Some things in life are invaluable. You cannot put a price on them. Brotherhood is one of those things. On Feb. 15, Benedictine Military School was honored to have Tony Barnhart, known nationally as “Mr. College Football,” visit BC to talk with our Cadets.
The 2022 college football season will be Barnhart’s 47th as a reporter for newspapers, television, Internet, and radio. He joined the SEC Network, which launched in 2014, and contributes to the network’s studio programming, as well as columns on SECSports.com.
Barnhart rose to prominence as the national college football writer for the Atlanta Journal-Constitution from 1994-2008, before moving on to reporting roles at ESPN and CBS Sports.
Among the many topics that Barnhart discussed during his one-hour presentation in BC Gym, perhaps the most moving was when he explained the bond that he shares with his Delta Tau Delta fraternity brothers from Georgia Southern College (now University).
Barnhart graduated from Greene County High School in 1971, and he graduated from the University of Georgia in 1976 with a journalism degree. The Union Point, Ga., native began his college career in the fall of 1971 at Georgia Southern, where he joined Delta Tau Delta and became friends with Carl Brantley (whose nephew, Troy Brantley, is married to Benedictine Military School Spanish teacher Mrs. Lee Brantley).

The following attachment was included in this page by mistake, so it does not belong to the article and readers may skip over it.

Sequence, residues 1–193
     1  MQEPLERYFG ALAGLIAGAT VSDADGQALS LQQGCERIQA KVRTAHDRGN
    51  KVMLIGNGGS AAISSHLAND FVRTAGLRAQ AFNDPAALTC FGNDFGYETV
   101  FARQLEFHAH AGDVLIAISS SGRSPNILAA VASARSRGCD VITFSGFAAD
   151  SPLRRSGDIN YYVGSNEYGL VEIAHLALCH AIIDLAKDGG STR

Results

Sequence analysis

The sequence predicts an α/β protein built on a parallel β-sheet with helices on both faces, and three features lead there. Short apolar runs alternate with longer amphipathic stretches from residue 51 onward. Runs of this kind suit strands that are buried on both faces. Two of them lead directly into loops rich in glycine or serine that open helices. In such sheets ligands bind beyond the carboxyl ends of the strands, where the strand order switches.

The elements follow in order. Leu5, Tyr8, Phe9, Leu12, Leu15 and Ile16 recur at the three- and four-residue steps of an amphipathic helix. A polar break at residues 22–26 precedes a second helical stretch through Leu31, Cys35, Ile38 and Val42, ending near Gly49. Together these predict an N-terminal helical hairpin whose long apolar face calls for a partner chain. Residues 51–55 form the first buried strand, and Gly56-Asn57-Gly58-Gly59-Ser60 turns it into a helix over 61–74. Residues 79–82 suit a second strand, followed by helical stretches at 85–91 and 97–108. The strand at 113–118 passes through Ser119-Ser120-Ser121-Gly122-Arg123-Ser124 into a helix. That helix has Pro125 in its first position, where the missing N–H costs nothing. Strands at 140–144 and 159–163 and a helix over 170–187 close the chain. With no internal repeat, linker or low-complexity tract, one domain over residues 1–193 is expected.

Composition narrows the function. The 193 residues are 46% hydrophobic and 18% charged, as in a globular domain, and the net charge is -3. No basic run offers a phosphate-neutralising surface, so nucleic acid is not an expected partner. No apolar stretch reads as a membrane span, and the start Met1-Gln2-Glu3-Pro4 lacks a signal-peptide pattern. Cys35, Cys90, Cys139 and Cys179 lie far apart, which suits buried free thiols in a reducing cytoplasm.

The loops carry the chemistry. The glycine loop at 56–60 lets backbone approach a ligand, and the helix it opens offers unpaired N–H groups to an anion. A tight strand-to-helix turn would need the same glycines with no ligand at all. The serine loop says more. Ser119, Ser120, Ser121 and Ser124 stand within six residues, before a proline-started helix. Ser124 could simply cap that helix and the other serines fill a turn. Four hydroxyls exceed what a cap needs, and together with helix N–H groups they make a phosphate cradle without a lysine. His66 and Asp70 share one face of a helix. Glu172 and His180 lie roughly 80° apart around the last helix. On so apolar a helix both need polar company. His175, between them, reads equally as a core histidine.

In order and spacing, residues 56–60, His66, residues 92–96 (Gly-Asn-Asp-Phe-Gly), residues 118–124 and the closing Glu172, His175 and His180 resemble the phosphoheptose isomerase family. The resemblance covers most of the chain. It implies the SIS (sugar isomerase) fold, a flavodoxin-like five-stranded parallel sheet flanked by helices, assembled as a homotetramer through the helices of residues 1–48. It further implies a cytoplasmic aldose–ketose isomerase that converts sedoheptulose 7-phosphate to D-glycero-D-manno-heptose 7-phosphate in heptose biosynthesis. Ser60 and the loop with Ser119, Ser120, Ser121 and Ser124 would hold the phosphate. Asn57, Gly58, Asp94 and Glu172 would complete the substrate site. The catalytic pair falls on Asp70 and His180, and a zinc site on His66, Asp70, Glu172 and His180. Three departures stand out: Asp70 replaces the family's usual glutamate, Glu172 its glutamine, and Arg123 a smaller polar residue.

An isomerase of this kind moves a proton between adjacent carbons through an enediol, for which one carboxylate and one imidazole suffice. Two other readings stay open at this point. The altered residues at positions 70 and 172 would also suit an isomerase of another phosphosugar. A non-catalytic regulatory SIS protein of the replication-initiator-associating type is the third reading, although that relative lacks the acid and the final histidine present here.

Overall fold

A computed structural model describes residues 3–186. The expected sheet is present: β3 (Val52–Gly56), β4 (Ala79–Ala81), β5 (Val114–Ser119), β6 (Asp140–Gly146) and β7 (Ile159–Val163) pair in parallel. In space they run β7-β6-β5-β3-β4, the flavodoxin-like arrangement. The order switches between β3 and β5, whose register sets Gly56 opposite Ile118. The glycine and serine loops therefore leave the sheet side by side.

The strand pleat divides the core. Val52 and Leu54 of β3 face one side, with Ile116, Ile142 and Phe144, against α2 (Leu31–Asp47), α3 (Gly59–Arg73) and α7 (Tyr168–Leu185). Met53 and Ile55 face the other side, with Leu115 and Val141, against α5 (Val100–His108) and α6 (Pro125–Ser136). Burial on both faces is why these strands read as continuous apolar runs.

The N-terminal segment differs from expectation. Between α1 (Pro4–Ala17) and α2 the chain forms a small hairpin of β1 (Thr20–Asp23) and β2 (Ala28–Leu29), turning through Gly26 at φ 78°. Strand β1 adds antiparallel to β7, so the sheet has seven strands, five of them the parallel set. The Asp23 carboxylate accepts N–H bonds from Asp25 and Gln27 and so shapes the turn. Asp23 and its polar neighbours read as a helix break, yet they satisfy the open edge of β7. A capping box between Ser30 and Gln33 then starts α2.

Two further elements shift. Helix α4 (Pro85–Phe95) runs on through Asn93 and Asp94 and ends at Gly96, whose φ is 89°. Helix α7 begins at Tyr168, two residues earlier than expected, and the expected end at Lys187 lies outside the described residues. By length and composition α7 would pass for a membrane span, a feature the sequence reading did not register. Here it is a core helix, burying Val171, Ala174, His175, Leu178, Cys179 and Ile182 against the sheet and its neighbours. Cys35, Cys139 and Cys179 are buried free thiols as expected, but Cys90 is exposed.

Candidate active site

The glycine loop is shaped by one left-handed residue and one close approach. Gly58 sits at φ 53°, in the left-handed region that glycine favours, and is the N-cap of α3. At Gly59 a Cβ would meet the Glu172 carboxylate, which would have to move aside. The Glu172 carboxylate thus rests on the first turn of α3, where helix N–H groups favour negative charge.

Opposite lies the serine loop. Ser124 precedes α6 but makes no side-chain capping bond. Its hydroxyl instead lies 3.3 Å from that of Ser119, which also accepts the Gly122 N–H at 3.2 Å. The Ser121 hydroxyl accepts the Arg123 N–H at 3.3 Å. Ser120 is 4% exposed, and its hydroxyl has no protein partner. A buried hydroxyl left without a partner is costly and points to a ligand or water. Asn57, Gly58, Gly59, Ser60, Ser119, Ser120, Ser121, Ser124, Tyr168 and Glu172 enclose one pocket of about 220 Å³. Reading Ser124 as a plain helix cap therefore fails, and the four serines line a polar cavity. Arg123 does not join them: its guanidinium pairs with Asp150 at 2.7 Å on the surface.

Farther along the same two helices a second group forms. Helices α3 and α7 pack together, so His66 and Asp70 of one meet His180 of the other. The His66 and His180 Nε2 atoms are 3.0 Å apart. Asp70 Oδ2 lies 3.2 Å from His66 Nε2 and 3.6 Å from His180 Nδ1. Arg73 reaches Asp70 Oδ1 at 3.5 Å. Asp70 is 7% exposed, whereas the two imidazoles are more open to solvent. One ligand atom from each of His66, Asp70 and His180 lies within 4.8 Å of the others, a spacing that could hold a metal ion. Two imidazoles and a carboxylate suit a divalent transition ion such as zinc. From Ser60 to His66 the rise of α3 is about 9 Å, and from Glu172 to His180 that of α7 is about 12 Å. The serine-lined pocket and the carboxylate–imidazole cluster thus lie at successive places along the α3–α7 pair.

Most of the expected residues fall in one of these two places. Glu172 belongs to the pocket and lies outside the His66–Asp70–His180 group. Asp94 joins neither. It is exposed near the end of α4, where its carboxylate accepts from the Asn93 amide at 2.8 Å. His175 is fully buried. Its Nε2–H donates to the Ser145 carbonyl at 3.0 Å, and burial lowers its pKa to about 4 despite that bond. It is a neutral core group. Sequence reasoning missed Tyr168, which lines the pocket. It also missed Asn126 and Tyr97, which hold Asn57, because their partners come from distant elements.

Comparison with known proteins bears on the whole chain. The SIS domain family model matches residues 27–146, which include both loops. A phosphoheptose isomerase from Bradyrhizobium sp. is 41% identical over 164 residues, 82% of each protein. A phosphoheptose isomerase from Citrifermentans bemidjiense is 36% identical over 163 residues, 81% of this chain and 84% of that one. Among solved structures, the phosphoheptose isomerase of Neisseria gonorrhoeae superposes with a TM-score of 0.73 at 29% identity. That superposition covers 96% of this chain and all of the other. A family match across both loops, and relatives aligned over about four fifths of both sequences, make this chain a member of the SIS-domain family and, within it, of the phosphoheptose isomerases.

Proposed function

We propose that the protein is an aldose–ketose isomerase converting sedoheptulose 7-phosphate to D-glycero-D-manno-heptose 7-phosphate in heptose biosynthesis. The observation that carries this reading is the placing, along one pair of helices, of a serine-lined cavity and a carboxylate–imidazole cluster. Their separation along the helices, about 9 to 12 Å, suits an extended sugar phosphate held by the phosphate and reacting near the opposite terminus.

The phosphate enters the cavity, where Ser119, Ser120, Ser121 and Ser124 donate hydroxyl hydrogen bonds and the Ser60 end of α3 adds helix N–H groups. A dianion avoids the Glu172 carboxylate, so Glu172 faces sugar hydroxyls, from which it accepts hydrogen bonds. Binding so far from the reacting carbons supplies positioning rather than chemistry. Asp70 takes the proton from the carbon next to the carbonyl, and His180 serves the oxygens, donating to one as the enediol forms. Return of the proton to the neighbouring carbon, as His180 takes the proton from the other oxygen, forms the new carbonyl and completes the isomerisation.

“I decided I wanted to go to Georgia Southern,” Barnhart said. “One of the first people I met when I came to Georgia Southern was Carl Brantley of Savannah, Georgia. We bonded right away and, basically, I didn’t go home very much because it was so far from Statesboro. But the Brantley family basically adopted me. We would go to lunch at Carl’s home on Sunday. Nanny and Pop were his mom and dad. I’ll never forget Nanny and Pop. And they would treat us to a feast … Carl Brantley, if you’ve never had a chance to meet him, is a special guy. Carl became my fraternity brother, my best friend, Best Man at my wedding, and the godfather to my daughter. Special guy. Trust me when I tell you that I am thrilled to be in Savannah. It is a special place for me.”
Another of Mr. Barnhart’s fraternity brothers and lifelong friends is Mike Dillon, Benedictine Military School Class of 1968. Dillon was Barnhart’s fraternity “big brother” at Georgia Southern. Dillon and several of his Delta Tau Delta brothers attended the assembly at BC to support Barnhart, who included a photograph of himself with Dillon in his presentation. He also included a photograph of himself with his fraternity brothers Carl Brantley, Tom McMillen, and Robbie Chester, that was taken moments after the University of Georgia football team’s 33-18 victory over Alabama in the Feb. 10 national championship game at Lucas Oil Stadium in Indianapolis.